Lena is a biology professor and knows that we already possess destructive tendencies. Not just at the genetic level (we grow old and die because telomeres get shorter, we develop cancers etc), but also at a behavioural level. We drink, smoke, procrastinate, hurt the ones we love. Lena had cheated on her husband with a professor colleague and was tormented by guilt; her husband had found out about the situation and later voluntarily enrolled to investigate ‘the shimmer’ because he himself had developed self-destructive tendencies.

When you are confronted with the monstrosity of your own nature and that of the entire ecosystem, why fight for its perpetuation? Ultimately, what the alien does is hyper-connect and accelerate the process to its final conclusion; the process is change, not annihilation. We don’t know what lies beyond, we lack the words to describe it; we only know that all contaminated life forms become part of a common macro-structure.
Isn’t this the dream of every Oriental religion? Isn’t this the end goal of Social Progressivism? The eradication of localism, bigotry, pre-judgedness in favour of universal hyper-connectivity, tolerance, inclusion and the acceptance of any alien element as part of the civilisational hyper-organism? Change is always good. Practice mindfulness! Stop desiring outer things, stop fighting for external ideals!

Although science could discover the antidote to this existential resignation, it does not contain in itself any premise that would demand it. The goal of the scientist is to become an impartial observer, a mirror that prostrates itself before any phenomenon that demands to be known; emptied of any desire, other than knowledge or ‘mirroring’ of facts. Any residues of the scientist’s personality appear to him to be accidental, arbitrary, because he has become used to regarding himself as a reflection of external forms and events. He is an instrument, a slave, nothing in himself (paraphrasing Nietzsche’s ‘Beyond Good and Evil’).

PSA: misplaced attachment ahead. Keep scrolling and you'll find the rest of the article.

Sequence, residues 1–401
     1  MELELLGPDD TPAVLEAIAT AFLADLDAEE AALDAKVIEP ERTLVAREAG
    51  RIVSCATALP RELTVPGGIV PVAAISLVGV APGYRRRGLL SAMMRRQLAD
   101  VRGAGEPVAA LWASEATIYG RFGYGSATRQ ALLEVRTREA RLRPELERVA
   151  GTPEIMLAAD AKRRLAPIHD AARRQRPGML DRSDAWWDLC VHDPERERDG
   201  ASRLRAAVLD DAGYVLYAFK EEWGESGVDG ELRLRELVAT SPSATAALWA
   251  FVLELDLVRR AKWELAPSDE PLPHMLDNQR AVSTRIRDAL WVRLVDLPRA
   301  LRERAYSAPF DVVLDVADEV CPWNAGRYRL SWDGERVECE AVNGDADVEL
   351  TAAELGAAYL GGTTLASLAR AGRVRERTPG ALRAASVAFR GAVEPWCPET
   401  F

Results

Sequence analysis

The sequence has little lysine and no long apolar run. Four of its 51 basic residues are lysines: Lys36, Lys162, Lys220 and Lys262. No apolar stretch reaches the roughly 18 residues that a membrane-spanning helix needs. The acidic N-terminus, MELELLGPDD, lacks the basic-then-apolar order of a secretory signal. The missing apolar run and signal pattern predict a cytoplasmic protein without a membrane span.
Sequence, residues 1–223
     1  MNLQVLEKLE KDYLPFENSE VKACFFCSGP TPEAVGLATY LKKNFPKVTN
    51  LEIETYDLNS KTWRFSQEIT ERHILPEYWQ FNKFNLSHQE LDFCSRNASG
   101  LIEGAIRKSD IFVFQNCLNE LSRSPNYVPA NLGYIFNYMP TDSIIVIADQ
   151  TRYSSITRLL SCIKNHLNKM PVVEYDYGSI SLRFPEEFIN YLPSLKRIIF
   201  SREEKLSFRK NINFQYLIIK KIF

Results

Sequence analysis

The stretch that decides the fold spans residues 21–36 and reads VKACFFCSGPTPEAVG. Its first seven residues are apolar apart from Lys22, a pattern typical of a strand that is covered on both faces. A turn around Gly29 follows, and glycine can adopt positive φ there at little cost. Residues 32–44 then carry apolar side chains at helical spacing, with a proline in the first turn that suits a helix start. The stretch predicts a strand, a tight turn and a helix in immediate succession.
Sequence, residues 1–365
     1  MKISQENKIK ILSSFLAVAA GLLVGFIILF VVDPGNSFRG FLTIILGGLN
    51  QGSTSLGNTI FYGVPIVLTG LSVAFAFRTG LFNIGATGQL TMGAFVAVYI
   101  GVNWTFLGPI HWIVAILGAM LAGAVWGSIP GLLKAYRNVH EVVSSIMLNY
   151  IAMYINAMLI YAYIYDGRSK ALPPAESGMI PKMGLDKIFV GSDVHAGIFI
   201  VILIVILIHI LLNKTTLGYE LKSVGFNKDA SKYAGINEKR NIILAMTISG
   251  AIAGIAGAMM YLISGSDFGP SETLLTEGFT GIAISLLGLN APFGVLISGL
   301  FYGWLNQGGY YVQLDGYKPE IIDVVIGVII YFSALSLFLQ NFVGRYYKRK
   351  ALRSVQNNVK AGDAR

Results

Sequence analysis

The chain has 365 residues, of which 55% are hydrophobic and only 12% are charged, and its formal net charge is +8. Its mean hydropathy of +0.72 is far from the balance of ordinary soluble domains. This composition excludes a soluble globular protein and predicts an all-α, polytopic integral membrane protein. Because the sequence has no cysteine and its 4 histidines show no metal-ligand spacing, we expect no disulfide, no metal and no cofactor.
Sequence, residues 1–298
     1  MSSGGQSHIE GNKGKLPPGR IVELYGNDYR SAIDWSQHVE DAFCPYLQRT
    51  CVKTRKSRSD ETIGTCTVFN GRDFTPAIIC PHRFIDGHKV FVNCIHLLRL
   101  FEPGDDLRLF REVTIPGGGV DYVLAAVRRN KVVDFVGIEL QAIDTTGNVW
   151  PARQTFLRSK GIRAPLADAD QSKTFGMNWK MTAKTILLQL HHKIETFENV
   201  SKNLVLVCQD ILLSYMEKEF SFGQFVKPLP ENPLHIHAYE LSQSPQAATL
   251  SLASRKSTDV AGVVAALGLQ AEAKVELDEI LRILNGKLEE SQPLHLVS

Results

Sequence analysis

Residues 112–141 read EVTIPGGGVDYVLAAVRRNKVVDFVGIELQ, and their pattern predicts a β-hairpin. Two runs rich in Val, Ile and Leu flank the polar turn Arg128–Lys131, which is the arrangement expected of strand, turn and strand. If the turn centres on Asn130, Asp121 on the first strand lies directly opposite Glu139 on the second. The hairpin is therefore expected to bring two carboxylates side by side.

Both scientist crews gradually lose their desire to succeed and leave the shimmer; even after they have discoverer the scientific explanation of the alien invasion. ‘Existential tiredness’, Douglas Murray would call it. Some of them are dazed and confused, others euphoric.

Salvation comes from Lena (and Freddie Neechee). Precisely because she had sinned in the past against her husband, she knows she has to undo those wrongs, and this gives her the motivation to return. When you love a certain person and you hold yourself accountable for your behaviour towards her, you discriminate, producing an anomaly in the alien hive-mind. The religious fear of contamination, the disgust towards the absurd parroting, interbreeding and mixing fabrics in one garment (Leviticus 19:19) inside the shimmer – best symbolised by her personal clone – convince Lena to fight for her life. By attacking her clone, she delimits herself as hostile to it, and one single gesture of hostility against the mutant symbiotic ecosystem is sufficient to bring about its destruction.

“But shall the fear become the cure?
The fear of letting go
That has buried me in this field of snow”

The Jolly Dr Dutton
The Breadtube’s Struggle against Cultural Christians